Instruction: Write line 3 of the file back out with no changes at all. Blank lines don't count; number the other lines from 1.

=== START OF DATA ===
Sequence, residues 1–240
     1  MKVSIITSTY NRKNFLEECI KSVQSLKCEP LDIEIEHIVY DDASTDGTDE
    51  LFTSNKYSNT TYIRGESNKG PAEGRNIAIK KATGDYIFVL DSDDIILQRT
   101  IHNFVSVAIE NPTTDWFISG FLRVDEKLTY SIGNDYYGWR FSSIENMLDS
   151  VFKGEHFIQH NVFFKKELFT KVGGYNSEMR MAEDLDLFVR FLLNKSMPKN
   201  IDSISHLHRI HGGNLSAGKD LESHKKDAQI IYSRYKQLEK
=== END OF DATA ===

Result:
    51  LFTSNKYSNT TYIRGESNKG PAEGRNIAIK KATGDYIFVL DSDDIILQRT